Don Juan | Study Guide

Lord Byron

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Don Juan | Symbols

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Don Juan is a long poem spread across numerous locations and featuring many characters. Symbols such as the ocean, disguises, and food play an important role as they allow Lord Byron to deliver nuanced observations of the world in a concise manner.

The Ocean

The ocean is an important symbol in the poem because it represents a barrier between Don Juan and the outside world. The body of water is a vast and dangerous expanse that must be crossed. The voyage Juan takes from Spain to Italy is symbolic. He leaves his youthful innocence and a potential scandal behind in Spain while travelling toward maturity in Italy. The ocean is the blockade which must be traversed in order to reach maturity and to become a man. Juan's voyage is a symbolic demonstration of his transition from teenager to adult. He leaves behind the carelessness of youthful infidelity and moves toward a future as a responsible adult.

The ocean presents a difficult challenge. The transition from teenager to adult is not easy to achieve. The motion of the ocean makes Juan sick. A storm destroys his ship and leaves him at the mercy of the water. The storm reminds Juan of the dangers of leaving behind his innocent youth. The aftermath of the shipwreck exposes him to terrifying, traumatic moments. He watches as his dog and his friend are killed and eaten by the survivors because they fear death in the ocean. The ocean is a looming threat that forces them to turn to cannibalism. Juan rejects the symbolic demands the ocean places on him and he would rather die than cross certain moral thresholds such as eating the flesh of a human being.

Juan refuses to adhere to the ocean's symbolic demands. He maintains his innocence and escapes. Juan is rewarded for his ability to maintain his innocence and his morality while being subjected to the symbolic challenge of the ocean. He is found by a beautiful woman named Haidée and immediately falls in love. The relationship between Juan and Haidée is a symbolic reward for his triumph over the ocean. The crossing of the ocean becomes the first great act of Don Juan's life and he is subjected to many more. This first triumph is merely an act of survival but each successive triumph has Juan take a more active role, whether he is escaping a Turkish palace or leading battalion of Russian soldiers. The symbolic value of the first ocean crossing is that it represents Juan's ability to triumph by staying true to himself and his moral values.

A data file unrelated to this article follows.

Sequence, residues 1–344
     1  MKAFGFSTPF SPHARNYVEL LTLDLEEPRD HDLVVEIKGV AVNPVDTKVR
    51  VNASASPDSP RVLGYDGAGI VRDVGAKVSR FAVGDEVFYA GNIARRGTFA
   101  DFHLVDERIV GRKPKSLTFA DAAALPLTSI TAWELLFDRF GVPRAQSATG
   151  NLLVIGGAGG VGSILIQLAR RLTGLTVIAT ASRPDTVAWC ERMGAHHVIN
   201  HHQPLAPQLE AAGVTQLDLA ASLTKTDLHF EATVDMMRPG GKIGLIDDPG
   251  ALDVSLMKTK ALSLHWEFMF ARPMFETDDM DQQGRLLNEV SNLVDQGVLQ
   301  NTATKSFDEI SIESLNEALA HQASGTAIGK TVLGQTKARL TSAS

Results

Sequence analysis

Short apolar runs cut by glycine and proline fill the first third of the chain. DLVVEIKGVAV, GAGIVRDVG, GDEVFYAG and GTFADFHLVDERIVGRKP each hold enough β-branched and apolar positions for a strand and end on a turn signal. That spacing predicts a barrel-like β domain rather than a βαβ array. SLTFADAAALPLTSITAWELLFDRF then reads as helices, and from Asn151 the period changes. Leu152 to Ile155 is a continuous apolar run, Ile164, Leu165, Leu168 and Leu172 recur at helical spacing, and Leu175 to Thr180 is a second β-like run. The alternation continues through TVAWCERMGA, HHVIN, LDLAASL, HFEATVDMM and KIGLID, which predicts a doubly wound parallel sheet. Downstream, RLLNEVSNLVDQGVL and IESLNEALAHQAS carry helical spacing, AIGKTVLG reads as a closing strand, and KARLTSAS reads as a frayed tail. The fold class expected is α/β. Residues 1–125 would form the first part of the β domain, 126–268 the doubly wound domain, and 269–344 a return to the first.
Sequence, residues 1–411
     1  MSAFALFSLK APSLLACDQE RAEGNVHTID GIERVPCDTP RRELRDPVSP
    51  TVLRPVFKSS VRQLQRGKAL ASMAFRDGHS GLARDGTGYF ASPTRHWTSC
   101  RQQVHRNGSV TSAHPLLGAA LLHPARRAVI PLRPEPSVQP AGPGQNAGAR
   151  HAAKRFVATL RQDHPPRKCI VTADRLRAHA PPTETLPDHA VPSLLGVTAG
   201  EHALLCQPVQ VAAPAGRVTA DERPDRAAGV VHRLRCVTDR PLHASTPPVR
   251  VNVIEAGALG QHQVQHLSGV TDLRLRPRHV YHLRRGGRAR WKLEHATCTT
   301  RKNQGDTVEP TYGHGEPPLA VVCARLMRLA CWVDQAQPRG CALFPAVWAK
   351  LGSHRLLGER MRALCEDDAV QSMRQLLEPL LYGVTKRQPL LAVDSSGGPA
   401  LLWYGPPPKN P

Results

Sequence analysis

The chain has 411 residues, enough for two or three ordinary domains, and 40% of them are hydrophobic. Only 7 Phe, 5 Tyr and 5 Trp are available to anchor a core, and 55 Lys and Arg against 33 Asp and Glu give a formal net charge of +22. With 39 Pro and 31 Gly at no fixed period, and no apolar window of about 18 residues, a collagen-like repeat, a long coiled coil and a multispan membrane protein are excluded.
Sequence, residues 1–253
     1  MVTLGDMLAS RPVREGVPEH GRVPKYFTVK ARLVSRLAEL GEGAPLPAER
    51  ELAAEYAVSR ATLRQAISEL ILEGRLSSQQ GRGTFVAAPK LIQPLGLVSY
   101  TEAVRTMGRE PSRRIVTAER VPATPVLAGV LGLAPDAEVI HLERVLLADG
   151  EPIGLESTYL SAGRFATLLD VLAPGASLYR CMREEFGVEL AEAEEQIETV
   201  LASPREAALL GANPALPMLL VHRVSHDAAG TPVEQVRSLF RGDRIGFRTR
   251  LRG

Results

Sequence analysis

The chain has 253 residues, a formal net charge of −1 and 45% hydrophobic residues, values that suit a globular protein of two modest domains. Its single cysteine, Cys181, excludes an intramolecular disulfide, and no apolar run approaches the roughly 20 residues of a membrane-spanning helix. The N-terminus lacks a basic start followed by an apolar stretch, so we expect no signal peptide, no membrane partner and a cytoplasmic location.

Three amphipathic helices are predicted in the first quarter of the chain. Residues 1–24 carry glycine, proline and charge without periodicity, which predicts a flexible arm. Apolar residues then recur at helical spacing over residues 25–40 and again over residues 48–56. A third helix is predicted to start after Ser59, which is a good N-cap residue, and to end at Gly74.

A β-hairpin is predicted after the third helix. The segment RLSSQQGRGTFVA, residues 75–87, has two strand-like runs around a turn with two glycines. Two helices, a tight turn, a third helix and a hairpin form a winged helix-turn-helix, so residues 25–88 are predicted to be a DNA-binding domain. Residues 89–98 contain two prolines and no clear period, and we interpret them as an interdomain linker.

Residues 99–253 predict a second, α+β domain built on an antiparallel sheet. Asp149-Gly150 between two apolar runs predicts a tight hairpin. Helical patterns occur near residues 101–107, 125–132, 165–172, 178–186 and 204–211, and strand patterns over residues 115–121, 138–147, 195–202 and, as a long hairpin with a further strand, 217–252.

Disguises

Disguises symbolize the search for identity and meaning in Don Juan. Don Juan spends the narrative of the poem searching for love and happiness and this search is often tied to identity. He is raised to be young and innocent by a mother who is terrified that he will follow in his father's footsteps. She tries to impose an identity upon Juan and in doing so she disguises the world. The reality of life outside of the household is veiled behind a specific model of education and Juan does not learn about reality or truth. This attempt to disguise the world backfires when Juan is embroiled in a scandalous affair. The symbolic meaning of this failure illustrates the nefarious nature of disguises. Juan must set out to tear away the disguise from the world and learn about his true self, his actual identity.

The search for identity becomes complicated when Juan is sold into slavery. He is taken to a slave market in Constantinople and bought by Gulbeyaz. She insists that he dress as a woman and forces him to adopt a disguise. This disguise presents a clear threat to Juan's life. He manages to trick the Sultan into thinking that he is a woman but then must spend the night in the women's quarters. Gulbeyaz becomes infuriated that he may have slept beside another woman and she demands that he be executed. Juan has a disguise imposed upon him and suffers as a result. He manages to escape with his life but he never again adopts a disguise. He learns the symbolic threat of masking one's true identity.